A cure for livestock respiratory disease has long eluded researchers. This ailment costs U.S. and Canadian cattle producers more than $1 billion annually. But now a new live vaccine developed by Agricultural Research Service researchers promises to substantially reduce these losses.
Shipping fever, as the disease is more commonly known, affects calves about 1 week after they are transported from the cow and calf operations where they were born to the feedlots where they finish their growth. It is the biggest killer of beef cattle in feedlots.
The culprits are three different bacteria that are usually harmless--Pasteurella haemolytica, P. multocida, and Haemophilus somnus. Normally present in cows' nasal cavities, these bacteria usually don't cause problems--until the young animals are readied for shipment. Then the stress of handling and shipping takes a toll on their immune systems, and the bacteria move into their lungs and cause pneumonia.
The disease can hit the pocketbooks of both shippers and receivers. Animals that look healthy when purchased may arrive at their destination with decreased appetite, fever, coughing, and nasal discharge. If they survive, infected beef cattle grow poorly and need more time and feed to reach market weight. The same bacteria also infect sheep and goats.
ARS veterinarian Robert E. Briggs and microbiologist Fred M. Tatum created a live vaccine by deleting a large piece of a gene called aroA from each of the three bacteria. Without this gene, the bacteria do not cause infection.
These are the first genetically engineered vaccine strains for shipping fever that have been made without using foreign DNA or a marker for antibiotic resistance, says Tatum.
Most shipping fever vaccines are made from bacterins--suspensions of killed bacteria--or from specific bacterial proteins. The immunity they confer has left much to be desired.
A live vaccine is more effective because it gives disease resistance much like convalescent immunity to the animal, says Briggs. Similar to what happens when someone recovers from mumps or measles, this type of immunity is typically stronger and longer lasting than that conferred by killed vaccines.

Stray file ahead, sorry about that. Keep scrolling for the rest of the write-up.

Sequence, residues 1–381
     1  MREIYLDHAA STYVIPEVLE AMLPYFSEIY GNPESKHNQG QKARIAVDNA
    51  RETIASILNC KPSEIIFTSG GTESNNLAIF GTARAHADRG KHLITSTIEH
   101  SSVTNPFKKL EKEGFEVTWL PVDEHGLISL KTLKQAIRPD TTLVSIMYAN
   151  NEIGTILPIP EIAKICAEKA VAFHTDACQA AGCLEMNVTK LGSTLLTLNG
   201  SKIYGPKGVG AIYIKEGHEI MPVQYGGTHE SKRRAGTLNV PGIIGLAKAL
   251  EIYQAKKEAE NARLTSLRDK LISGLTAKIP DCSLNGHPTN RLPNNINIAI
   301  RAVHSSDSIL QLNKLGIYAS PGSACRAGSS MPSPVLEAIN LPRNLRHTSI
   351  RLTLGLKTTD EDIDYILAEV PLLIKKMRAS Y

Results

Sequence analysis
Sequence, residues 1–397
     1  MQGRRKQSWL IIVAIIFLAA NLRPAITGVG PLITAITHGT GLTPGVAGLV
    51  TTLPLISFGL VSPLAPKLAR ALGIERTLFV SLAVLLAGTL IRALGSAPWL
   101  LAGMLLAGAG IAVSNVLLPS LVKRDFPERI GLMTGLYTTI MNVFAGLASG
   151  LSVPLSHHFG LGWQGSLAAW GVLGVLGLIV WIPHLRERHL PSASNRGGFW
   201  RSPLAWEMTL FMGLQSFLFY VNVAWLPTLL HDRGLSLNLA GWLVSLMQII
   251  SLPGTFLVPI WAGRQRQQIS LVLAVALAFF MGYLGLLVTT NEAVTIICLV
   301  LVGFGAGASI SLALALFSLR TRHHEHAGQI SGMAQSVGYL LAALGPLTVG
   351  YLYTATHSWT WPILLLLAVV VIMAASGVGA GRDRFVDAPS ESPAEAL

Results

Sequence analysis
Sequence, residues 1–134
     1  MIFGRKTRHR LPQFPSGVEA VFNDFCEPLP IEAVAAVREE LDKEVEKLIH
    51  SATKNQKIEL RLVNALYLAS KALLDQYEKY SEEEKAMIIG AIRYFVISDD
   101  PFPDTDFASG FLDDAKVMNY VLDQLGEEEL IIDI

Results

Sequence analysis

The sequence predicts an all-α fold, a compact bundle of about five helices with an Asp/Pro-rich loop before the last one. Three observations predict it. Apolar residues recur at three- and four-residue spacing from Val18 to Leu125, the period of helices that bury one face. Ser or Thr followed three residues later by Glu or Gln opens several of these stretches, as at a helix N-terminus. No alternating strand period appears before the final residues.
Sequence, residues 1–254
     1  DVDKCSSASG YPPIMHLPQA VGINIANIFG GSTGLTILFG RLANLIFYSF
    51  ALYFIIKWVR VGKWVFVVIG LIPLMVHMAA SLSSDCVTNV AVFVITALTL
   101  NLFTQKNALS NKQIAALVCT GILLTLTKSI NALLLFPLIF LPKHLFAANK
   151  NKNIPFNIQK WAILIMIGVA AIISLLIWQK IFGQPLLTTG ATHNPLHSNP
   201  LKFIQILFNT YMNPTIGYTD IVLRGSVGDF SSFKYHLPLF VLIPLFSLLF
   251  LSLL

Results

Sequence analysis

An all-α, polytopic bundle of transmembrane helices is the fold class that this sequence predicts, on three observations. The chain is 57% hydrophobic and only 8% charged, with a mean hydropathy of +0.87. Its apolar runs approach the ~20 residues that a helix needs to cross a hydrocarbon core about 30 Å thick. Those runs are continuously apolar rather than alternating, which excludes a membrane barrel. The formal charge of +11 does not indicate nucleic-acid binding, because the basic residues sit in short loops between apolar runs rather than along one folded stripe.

Several patents on the vaccine technology have been issued jointly to ARS and the Biotechnology Research and Development Corporation in Peoria, Illinois. BRDC is a public-private organization formed to speed commercialization of government-funded research discoveries. Member company Schering-Plough of Madison, New Jersey, has licensed the technology to make multivalent injectable vaccines and is in the process of getting approval to market the new product.
Meanwhile, Briggs and Tatum are working on an oral vaccine that can be given to animals via their feed. Recently, 100 head of cattle were shipped from Tennessee to Texas. Some of the calves received the oral vaccine 4 days before shipping and others didn't. All of the calves fed the oral vaccine were protected, while 10 nonvaccinated calves died from pneumonia.
If proved effective, producers might find that feeding the vaccine is easier and less time-consuming than intramuscular injections.--By Linda Cooke McGraw, Agricultural Research Service Information Staff.
Robert E. Briggs and Fred M. Tatum are in the USDA-ARS Respiratory and Neurologic Disease Research Unit, National Animal Disease Center, P.O. Box 70, Ames, IA 50010; phone (515) 239-8639, fax (515) 239-8458.
"First Genetically Engineered Vaccine for Shipping Fever" was published in the December 1998 issue of Agricultural Research magazine.